Vans Case Study

1416 Words Feb 17th, 2013 6 Pages
Vans is considered as the largest and most profitable show manufacturer in the world. Vans’s success relies on the network structure that Vans founder and CEO Philip Knight created, allowing the company to produce and market shoes. Basically, the virtual organizational architecture that would allow Vans to focus on some functions such as design and leave others like manufacturing to keep costs low and to give the company greater flexibility. By far, the largest function of Vans Oregon is the design function responsible for pioneering innovations in shoe design while the rest of the major functions are scattered in Southeast Asian suppliers like China and Malaysia. Strategic alliances are important aspects of Vans production particularly …show more content…
Possibility of new entrants, nonetheless, is not significantly high and established companies could easily venture into an athletic footwear line. These companies, however, might be trendy but must be guarded with the demands of the athlete. Vans is an organisation that had long-term contracts with professional and collegiate athletes then running expensive television and magazine advertisements. Aside from contracting agreement with individual teams, Vans settles agreements with the entire sports league which enables the company to enter and market itself in growing industries using existing industrial leaders and popular sports.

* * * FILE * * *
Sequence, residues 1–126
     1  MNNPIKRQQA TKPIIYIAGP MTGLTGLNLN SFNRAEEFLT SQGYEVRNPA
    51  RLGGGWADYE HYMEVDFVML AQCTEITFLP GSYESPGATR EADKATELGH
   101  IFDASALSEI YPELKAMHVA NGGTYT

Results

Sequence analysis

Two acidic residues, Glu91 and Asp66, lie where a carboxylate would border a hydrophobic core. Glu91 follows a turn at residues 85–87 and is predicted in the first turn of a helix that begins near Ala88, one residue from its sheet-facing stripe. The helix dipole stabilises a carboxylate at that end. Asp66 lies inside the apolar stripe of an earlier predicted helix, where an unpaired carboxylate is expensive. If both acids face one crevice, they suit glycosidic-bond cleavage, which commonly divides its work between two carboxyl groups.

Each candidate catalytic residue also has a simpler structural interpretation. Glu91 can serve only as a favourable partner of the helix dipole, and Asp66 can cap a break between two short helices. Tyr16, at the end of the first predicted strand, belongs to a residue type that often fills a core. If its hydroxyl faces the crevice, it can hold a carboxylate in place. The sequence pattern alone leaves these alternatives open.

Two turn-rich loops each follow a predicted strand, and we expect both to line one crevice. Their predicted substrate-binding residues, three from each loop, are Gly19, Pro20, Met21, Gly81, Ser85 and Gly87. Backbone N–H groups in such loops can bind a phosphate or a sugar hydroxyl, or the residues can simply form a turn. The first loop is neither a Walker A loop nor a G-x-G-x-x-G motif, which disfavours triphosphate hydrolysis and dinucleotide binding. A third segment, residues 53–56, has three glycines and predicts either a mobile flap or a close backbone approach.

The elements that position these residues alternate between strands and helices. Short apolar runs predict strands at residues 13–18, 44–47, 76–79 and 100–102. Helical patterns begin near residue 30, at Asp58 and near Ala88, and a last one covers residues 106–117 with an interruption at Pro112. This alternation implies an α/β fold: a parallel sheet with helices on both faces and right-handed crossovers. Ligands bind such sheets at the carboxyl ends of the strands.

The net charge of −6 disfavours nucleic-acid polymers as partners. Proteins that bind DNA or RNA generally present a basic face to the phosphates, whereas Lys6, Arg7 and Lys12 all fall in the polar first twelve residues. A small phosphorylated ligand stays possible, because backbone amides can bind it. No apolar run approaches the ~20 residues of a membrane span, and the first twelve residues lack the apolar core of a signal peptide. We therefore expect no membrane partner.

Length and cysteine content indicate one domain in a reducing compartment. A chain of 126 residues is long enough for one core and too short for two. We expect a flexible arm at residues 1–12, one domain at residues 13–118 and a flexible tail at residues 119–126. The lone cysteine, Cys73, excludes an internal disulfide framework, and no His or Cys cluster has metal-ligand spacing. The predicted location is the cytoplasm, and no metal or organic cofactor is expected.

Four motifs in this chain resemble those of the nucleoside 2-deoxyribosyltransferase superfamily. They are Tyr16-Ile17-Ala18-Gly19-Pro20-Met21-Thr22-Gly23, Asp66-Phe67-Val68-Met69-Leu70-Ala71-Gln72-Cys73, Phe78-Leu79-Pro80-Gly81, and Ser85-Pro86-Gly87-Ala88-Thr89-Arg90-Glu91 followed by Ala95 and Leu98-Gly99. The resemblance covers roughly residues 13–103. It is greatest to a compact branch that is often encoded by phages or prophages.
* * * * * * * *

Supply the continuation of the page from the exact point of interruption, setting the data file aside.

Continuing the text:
Going back to CSR, Vans had faced dilemmas of unethical treatment of its labor force hence in the manufacturing aspect whereby sweatshops make most of the production units. Virtual organizations adhere into environment uncertainties that require buffering, boundary spanning, strategic alliances and co-opting, and Vans understands this very well. However, various unethical criticisms necessitated Knight to rethink its organization. Heal (2008, p. 168) points out the responsibilities of a Western company outsourcing to a poor country. Frenkel (2001) termed the process as the international contracting wherein a buyer-driven commodity chain is apparent. In such an arrangement, the lead firm, in our case Vans, is a brand name merchandiser in a developed country. Vans orchestrates the

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